ESPN's Jayson Stark had an interesting article this week where he attempted to figure out why the Royals seem be defying projection models like ZIPS and PECOTA the past few seasons. He posits a few theories, such as the excellent defensive, the outstanding baserunning, even the coaching. One suggestion is that the dominating Kansas City bullpen is a key weapon to allow the Royals to win more games than you would expect with their overall talent level.
When the Royals have led after eight innings over the past four seasons, they've gone 241-4. When they've led after seven, they've gone 211-10. So when you win pretty much every game in which you take a lead, over that many years, you're defying all probability and all norms of bullpen volatility.
Over the last four years, when the Royals have led after seven innings, they have won 95% of the time. That sounds impressive, even overwhelming. When the Royals carry a lead into the late innings, the game is pretty much over.
But is that much different than the norm? The fact is, when most teams carry a lead after seven innings, the game is typically over. That is why the Royals comebacks are so amazing - it is rare to see a team win late. While the Royals have won 95% of their games when leading after seven innings in the past four seasons, all other Major League teams have won 91% of their games when leading after seven innings, according to Baseball Reference. Even last year, the difference was small, with the Royals finishing out 96% of wins when leading after seven, compared to 92% by the league.
Make no mistake, the Royals are better. But the margin is not that great. If two teams carry a lead after seven innings 70 times in a season, the Royals will win 67 of those games, while the average MLB team will win 64. That three-game difference could mean the difference between a Wild Card berth and sitting at home in October. But this is not the Royals' biggest bullpen advantage.
Let's look at how the Royals compare to the rest of the league when leading after five innings (going into last night's games):
In 2013, the Royals were actually below-average at holding a lead, with Luke Hochevar, Kelvin Herrera, Tim Collins, and Aaron Crow pitching the middle innings. If you take out that year, the Royals have won 90% of their games the past three seasons when leading after five innings, compared to 83% by the rest of the league.
The difference was even more pronounced last year with the Royals winning 94% of their games when leading after the fifth inning, compared to just 83% by the rest of the league. If 70 leads were to carried into the sixth inning, the Royals would be expected to win 66 of those games, compared to just 58 by the average American League team.
The depth of the Royals pen was evident last season. Here are all American League bullpen numbers from last year.
Now what happens when you take away their closer? I subtracted the numbers of the pitcher who led the team in saves.
|White Sox||378.1||8.0||3.64||David Robertson|
|Blue Jays||406.0||8.5||3.66||Roberto Osuna|
|Red Sox||460.2||7.5||4.42||Koji Uehara|
Without Greg Holland, who served primarily as the closer until he was injured late in the season, the Royals were a half-run better than any other American League bullpen. Sure, the Royals had the best reliever in baseball Wade Davis setting things up in the eighth before moving to the closer's role. But the reason the Royals bullpen was great wasn't so much that they had so many great arms, it is that they had so few terrible ones.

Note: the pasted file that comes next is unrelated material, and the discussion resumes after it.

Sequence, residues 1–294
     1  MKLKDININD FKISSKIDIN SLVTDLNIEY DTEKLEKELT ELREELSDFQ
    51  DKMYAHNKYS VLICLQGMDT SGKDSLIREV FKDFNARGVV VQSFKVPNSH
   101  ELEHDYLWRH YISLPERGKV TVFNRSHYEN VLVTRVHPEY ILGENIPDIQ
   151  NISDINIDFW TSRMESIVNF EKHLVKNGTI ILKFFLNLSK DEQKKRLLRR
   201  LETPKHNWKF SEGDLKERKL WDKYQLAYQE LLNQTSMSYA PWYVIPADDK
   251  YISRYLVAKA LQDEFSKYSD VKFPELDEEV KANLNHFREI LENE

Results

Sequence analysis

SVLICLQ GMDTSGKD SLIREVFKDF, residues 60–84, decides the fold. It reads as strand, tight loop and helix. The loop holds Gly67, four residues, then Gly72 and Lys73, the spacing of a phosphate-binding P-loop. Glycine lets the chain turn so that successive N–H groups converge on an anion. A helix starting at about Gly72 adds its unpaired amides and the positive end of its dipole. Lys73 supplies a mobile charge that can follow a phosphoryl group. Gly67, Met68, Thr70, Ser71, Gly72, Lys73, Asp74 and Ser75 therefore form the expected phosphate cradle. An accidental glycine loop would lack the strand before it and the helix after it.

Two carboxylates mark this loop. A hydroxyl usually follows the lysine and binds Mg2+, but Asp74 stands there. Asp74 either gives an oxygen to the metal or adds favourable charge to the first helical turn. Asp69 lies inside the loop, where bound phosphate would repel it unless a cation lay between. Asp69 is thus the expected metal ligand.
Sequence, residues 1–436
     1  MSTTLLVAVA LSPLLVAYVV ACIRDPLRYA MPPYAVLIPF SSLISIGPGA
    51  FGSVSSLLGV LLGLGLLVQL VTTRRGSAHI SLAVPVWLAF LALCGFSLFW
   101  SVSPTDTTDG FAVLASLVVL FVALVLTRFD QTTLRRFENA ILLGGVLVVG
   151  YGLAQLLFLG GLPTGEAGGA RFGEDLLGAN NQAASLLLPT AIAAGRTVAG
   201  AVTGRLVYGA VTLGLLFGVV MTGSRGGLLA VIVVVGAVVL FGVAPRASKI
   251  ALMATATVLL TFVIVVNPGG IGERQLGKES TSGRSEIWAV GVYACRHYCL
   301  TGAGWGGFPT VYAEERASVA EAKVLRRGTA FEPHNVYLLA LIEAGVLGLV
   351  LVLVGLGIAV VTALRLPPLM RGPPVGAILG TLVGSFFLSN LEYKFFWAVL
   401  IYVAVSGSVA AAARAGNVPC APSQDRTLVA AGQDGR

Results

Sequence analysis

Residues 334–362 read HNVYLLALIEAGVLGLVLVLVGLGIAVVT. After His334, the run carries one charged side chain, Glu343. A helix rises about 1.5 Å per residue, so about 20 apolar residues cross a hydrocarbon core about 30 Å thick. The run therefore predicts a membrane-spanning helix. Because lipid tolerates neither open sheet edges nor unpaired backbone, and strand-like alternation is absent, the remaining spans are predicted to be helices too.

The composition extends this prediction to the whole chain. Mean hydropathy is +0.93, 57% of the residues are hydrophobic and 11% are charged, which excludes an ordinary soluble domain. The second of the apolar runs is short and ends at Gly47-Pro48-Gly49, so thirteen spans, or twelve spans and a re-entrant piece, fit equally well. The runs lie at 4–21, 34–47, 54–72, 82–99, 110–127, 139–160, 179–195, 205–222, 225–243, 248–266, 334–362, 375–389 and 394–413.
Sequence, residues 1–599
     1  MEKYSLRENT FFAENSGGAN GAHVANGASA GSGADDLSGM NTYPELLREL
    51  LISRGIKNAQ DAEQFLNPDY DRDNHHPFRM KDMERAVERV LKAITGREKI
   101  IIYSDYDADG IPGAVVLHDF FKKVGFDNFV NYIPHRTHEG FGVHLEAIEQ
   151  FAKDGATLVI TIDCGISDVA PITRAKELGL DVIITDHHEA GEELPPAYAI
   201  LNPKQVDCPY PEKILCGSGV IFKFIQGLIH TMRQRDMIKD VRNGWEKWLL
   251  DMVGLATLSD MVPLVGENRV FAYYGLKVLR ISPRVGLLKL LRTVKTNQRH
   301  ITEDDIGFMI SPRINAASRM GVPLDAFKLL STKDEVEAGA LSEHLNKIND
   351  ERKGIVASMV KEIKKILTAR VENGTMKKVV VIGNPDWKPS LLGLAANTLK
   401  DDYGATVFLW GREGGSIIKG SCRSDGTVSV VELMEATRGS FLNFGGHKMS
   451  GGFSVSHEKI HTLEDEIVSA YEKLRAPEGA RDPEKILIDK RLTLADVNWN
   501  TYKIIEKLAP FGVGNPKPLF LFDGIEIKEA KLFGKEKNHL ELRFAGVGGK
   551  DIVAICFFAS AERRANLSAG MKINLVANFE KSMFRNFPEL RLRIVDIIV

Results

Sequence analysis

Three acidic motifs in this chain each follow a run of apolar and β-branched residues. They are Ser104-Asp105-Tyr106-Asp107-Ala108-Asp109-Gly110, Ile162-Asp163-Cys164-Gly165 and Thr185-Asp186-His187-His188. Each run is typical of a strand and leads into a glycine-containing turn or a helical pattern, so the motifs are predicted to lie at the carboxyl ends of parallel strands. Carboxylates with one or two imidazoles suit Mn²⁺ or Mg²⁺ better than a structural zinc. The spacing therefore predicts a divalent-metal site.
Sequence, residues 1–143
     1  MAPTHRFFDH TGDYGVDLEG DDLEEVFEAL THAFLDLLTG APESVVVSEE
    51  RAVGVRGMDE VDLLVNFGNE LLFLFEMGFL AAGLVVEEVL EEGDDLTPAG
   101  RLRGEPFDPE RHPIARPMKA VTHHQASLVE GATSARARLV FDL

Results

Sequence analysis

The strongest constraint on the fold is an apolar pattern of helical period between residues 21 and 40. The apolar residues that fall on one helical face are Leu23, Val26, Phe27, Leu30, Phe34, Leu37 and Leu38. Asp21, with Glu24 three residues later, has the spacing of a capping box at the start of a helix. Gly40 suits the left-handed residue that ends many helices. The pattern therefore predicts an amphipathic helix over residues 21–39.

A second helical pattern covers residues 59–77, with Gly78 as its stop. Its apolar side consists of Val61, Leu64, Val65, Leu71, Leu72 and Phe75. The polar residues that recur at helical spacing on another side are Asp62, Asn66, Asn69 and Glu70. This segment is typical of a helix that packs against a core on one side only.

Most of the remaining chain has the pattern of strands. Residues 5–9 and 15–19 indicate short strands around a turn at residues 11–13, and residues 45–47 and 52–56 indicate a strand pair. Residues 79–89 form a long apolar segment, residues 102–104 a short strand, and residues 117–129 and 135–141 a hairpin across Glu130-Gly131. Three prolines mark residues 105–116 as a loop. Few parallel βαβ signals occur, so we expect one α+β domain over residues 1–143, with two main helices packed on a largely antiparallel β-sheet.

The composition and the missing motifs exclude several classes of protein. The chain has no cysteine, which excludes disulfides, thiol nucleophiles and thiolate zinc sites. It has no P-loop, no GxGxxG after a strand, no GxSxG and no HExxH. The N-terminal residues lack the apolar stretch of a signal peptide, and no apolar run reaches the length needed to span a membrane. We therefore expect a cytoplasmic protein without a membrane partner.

Last year, the Royals had zero relievers with at least 30 innings pitched and an ERA over 4.00, joining the Indians, Nationals, Dodgers and Pirates (the Colorado Rockies had nine such pitchers!) In fact, the only Royals reliever with an ERA over 3.75 was their closer, Greg Holland, who struggled late in the season due to a lingering arm injury.
The Royals bullpen had no holes. If opposing starters go into trouble in the sixth inning, the manager was tasked with the decision of leaving a tired starter out there, or bringing in a crummy swingman just up from AAA. Meanwhile, the Royals could bring in Luke Hochevar with his dominant curveball. Or Kelvin Herrera and his wicked fastball. Or Ryan Madson and his drop-off-the-table changeup. Heck, they even got useful relief innings from Joe Blanton. As Jesse Spector of The Sporting News found when he asked Royals pitchers about the bullpen earlier this year:
"I don’t think you need statistical analysis to determine that if you have six studs in your bullpen, you’re going to be successful," said Royals starter Chris Young
This year, the cast of characters is a bit different, with Wade Davis moving into the role of closer, but the Royals could have the same kind of depth. Danny Duffy has struggled early on this year, but historically has been excellent coming out of the bullpen. Luke Hochevar should improve upon last year's performance now that he is another season removed from Tommy John surgery. Joakim Soria, who has had his struggles early on, has a solid track record of success. The Royals may even get decent relief performance out of Chien-Ming Wang, who is throwing harder than ever.
Make no mistake, it helps to have the most dominating closer in the league, and Wade Davis is doing his part. But having an elite closer is not what gives the most separation between the Royals and the rest of the league. The Royals gain a bigger edge by having more bullpen depth and fewer bad bullpen options than any other team.